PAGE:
Poor survival in AL amyloidosis is largely driven by outcomes in patients with advanced cardiac disease. To date, the Mayo cardiac staging system is the most widely used tool to identify these high risk patients. For stage III patients few treatment options exist to modify the natural history of this disease with up to 50% dying within the first 6 months. Moreover, there are currently no studies comparing different regimens in the novel agent era specifically addressing this group. Here we present a matched comparison examining response and survival endpoints after upfront treatment in Mayo stage III patients using either Cyclophosphamide, Bortezomib and Dexamethasone (CVD) or Cyclophosphamide, Thalidomide and Dexamethasone (CTD), the current standard of care for this disease in the United Kingdom.
The primary cohort comprises 78 patients (39 in each arm) referred to the National Amyloidosis Centre in London between 2008–2012. All patients had cardiac involvement by the 2005 consensus criteria and all were Mayo stage III. The CVD cohort reflects all patients seen at the NAC with Mayo stage III disease treated with this regimen upfront. Based on baseline NT-proBNP (>8000ng/L) and dFLC (>180mg/L) the patients were then matched with a recent cohort treated with CTD as first line therapy. The CVD and CTD regimens were recommended as previously described (1, 2 ). Dose modifications were at the discretion of the treating haematologist. Both conventional haematologic responses and dFLC responses were examined (3, 4 ). Overall survival (OS) was calculated by the Kaplan-Meier method and calculated from the start of treatment until death or last follow-up. To correct for the influence of early deaths on response rates a landmark analysis was performed in patients surviving at least 3 months from treatment (n=21 (CVD) and n=30 (CTD)).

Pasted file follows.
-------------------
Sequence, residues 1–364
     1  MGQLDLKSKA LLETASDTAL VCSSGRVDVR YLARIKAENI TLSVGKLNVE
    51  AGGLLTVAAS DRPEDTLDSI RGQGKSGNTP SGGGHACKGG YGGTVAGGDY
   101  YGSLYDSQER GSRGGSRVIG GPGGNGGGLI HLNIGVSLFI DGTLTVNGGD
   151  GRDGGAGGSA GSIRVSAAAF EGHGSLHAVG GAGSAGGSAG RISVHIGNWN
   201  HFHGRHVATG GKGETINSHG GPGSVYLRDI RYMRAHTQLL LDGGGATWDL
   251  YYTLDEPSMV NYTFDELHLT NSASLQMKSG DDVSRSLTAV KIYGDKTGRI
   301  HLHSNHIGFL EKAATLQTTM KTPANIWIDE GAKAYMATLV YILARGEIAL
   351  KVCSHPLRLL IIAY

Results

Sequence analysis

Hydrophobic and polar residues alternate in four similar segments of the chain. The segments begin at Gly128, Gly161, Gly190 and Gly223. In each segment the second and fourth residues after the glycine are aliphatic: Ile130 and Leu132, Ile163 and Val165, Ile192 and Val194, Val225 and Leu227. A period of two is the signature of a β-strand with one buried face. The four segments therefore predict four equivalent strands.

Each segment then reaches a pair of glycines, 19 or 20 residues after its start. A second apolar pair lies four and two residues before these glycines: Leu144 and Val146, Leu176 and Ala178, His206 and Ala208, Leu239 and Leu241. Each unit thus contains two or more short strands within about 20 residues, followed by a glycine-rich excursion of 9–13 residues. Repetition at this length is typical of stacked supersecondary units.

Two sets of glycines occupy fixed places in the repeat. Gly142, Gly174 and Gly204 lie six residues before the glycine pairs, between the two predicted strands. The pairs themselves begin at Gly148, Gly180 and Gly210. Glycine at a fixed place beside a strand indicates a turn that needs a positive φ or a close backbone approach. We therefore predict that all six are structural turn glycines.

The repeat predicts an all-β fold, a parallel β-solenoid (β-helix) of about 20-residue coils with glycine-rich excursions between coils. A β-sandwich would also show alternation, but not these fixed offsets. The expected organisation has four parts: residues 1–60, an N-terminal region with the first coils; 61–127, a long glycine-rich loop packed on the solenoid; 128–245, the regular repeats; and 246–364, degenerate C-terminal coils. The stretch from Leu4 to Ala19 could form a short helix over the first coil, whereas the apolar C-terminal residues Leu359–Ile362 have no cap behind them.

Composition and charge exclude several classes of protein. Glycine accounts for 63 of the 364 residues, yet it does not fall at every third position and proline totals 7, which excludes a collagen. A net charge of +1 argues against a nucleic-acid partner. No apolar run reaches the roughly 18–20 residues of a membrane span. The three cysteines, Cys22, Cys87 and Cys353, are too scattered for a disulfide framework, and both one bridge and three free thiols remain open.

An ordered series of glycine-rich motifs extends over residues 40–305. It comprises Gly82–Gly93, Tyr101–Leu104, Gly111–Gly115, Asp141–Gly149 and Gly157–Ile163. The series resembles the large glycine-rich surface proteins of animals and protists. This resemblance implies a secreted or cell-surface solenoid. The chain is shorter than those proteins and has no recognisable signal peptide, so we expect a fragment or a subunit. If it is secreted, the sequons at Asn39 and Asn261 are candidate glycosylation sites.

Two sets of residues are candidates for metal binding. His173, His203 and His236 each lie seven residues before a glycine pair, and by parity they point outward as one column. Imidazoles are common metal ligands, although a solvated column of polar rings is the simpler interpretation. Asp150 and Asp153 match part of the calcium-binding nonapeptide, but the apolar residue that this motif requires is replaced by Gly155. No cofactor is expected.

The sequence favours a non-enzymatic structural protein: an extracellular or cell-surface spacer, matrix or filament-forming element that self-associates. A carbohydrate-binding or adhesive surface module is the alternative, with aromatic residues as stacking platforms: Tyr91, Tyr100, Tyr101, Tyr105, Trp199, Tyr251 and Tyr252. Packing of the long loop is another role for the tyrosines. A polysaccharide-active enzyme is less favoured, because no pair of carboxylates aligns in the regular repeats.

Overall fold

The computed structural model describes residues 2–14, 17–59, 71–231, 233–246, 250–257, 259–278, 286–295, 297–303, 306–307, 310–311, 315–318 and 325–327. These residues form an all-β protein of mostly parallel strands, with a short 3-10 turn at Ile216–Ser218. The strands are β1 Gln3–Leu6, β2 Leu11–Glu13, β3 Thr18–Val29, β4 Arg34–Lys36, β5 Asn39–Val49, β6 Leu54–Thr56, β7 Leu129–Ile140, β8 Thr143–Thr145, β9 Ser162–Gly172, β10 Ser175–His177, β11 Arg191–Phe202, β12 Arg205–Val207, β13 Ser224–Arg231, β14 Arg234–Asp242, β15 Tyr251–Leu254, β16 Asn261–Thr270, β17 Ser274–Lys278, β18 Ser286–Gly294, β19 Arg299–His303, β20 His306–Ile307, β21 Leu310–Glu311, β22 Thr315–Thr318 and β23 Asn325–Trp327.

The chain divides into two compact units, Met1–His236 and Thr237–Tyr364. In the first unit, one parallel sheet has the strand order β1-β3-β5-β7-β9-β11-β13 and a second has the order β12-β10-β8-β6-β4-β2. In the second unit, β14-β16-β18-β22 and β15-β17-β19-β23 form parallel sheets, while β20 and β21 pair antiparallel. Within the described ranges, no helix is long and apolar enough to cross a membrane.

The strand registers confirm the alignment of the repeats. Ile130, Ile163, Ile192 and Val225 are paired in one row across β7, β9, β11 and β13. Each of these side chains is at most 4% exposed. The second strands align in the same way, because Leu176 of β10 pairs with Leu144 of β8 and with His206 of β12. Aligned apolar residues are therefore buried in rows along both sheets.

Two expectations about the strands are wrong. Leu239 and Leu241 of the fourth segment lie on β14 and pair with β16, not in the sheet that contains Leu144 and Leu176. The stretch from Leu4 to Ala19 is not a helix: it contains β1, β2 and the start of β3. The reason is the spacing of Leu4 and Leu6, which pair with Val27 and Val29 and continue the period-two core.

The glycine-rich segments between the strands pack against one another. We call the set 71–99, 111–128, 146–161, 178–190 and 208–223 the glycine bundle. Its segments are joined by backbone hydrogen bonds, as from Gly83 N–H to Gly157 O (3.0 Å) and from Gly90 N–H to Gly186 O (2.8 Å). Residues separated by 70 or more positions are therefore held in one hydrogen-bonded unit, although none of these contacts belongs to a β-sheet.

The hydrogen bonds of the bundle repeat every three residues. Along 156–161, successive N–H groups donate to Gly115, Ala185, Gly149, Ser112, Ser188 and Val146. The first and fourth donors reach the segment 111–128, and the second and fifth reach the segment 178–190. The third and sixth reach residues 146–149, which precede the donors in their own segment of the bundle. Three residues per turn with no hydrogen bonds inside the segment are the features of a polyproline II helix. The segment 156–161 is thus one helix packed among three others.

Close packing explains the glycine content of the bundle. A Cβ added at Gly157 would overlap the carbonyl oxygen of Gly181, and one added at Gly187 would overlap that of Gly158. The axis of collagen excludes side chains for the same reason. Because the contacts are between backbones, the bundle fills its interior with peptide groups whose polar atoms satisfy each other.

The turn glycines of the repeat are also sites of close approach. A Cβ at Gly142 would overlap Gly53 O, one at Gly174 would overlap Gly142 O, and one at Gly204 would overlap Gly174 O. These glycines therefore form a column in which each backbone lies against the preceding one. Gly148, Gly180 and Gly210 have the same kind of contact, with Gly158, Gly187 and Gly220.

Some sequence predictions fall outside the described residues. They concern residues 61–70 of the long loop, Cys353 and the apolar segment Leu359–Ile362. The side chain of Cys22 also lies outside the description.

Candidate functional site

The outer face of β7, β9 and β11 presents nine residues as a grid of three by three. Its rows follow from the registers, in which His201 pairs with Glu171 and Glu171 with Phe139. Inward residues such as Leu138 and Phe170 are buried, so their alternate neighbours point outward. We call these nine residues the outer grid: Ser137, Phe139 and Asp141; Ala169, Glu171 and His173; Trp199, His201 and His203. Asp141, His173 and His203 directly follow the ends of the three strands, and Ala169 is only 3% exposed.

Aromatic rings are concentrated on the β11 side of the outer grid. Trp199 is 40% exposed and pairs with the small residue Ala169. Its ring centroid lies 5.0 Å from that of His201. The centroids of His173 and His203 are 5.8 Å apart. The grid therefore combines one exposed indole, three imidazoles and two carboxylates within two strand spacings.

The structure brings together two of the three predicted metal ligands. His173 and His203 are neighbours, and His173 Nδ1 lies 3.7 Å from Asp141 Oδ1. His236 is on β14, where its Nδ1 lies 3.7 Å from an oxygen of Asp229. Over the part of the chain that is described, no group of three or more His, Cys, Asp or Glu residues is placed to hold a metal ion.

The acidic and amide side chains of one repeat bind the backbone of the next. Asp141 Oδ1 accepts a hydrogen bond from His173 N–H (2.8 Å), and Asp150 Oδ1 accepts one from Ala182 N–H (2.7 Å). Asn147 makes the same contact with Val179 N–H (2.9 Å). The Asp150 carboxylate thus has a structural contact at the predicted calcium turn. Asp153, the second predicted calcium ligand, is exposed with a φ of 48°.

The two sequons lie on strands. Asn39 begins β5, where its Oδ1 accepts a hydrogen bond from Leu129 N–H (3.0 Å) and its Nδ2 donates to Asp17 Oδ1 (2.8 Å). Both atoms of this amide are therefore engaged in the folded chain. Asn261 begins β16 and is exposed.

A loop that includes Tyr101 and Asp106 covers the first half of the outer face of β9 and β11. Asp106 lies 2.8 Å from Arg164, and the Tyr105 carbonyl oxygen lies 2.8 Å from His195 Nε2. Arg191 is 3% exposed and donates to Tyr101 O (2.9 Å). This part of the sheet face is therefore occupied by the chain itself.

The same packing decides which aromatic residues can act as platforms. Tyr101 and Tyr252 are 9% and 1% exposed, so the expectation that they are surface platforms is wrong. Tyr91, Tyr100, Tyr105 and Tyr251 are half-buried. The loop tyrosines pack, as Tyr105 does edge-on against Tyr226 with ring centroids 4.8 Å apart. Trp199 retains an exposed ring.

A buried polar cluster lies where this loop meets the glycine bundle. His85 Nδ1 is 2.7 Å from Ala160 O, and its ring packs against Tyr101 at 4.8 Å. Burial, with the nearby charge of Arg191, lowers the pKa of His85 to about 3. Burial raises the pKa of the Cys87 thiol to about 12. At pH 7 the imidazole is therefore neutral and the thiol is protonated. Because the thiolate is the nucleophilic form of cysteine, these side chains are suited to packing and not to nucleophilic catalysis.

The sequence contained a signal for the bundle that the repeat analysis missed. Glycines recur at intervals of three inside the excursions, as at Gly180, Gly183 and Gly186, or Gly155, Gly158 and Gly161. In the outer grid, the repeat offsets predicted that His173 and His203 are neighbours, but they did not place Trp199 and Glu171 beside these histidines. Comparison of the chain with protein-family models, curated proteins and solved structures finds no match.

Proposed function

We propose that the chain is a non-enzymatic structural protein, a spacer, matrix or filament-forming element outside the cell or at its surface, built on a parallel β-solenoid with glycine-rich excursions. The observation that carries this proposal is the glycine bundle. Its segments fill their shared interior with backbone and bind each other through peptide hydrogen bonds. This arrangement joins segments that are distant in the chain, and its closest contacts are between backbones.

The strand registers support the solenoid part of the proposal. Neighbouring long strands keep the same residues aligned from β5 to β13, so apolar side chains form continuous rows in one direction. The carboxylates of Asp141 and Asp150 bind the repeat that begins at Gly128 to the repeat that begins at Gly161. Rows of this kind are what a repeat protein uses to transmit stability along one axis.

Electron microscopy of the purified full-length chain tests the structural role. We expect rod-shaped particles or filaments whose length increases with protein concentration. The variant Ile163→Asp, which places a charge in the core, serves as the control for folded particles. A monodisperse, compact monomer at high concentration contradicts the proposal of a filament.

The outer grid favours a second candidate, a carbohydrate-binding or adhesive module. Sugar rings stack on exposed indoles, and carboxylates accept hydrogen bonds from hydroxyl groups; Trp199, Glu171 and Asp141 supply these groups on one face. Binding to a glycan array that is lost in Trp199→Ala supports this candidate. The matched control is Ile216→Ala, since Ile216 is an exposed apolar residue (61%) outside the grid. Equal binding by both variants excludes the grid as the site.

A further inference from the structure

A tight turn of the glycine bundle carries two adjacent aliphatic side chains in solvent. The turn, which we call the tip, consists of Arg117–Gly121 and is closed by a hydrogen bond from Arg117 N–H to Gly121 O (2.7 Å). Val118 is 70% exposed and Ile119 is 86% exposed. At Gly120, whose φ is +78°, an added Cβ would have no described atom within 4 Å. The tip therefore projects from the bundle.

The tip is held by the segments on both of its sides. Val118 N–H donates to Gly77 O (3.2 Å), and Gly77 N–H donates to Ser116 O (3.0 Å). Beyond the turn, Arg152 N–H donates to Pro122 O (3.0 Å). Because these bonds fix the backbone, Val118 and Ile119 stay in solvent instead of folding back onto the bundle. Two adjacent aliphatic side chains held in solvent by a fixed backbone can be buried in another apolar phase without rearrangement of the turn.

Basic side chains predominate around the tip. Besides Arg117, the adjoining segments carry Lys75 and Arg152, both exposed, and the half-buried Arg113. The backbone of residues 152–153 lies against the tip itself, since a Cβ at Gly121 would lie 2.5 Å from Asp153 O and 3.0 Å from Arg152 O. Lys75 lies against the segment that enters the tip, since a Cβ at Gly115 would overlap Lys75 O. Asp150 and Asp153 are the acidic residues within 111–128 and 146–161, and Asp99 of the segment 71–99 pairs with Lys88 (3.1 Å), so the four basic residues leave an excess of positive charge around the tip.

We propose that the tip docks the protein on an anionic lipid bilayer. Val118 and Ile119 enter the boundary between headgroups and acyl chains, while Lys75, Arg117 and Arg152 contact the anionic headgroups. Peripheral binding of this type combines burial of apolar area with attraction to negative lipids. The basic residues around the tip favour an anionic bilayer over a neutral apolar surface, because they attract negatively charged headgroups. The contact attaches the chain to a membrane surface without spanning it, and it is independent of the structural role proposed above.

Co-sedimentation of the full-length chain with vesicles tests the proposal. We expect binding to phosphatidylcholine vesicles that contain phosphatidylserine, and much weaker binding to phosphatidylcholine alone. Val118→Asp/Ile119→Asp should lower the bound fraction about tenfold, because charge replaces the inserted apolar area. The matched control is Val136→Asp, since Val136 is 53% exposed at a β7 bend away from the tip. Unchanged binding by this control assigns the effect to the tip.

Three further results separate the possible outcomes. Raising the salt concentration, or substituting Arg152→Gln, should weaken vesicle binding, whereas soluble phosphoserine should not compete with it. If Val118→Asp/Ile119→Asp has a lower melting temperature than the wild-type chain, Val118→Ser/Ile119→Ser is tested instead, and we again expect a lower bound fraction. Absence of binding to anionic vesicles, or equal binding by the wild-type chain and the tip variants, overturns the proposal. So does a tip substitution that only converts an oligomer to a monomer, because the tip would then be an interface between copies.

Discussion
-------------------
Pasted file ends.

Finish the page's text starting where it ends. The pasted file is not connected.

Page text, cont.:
In the intention-to-treat (ITT) cohort response rates are comparable although there was a trend to higher CR rates with the CVD regimen (table 1). On an ITT basis, there was no statistically significant difference in the 1-year OS (59.4% vs 46.2% for CVD and CTD respectively, p = 0.9, figure 1a). A high rate of early deaths is noted. 23.7% of CVD and 13.1% of CTD patients died within 6 weeks (p = 0.24). 36.8% of CVD and 23.7% of CTD patients died within 3 months (p = 0.22). In the landmark analysis upfront therapy with CVD correlated with an improved 1-year OS (94% vs 62.1%, p = 0.01, figure 1 b). This may be partly driven by the increased CR rate in the CVD cohort compared to those receiving CTD (47% vs 24% respectively, p = 0.03, table 1).
Compared with CTD, treatment with CVD was not associated with a reduction in the high rate of early deaths often seen in patients with Mayo cardiac stage III disease. However, these data suggest that survival of patients treated with CVD upfront may be superior among those who remain alive after the first 3 months, consistent with the higher CR rates achieved. While it did not reach statistical significance the high rate of early deaths indicates that further optimisation and better supportive care strategies are required during the early stages of treatment especially with CVD. Ongoing phase III trials are currently underway to address these issues in a prospective manner.
The ITT cohort is shown in (A) and the landmark cohort is shown in (B). Solid and dashed lines reflect CVD and CTD treated patients respectively.
Asterisk with author names denotes non-ASH members.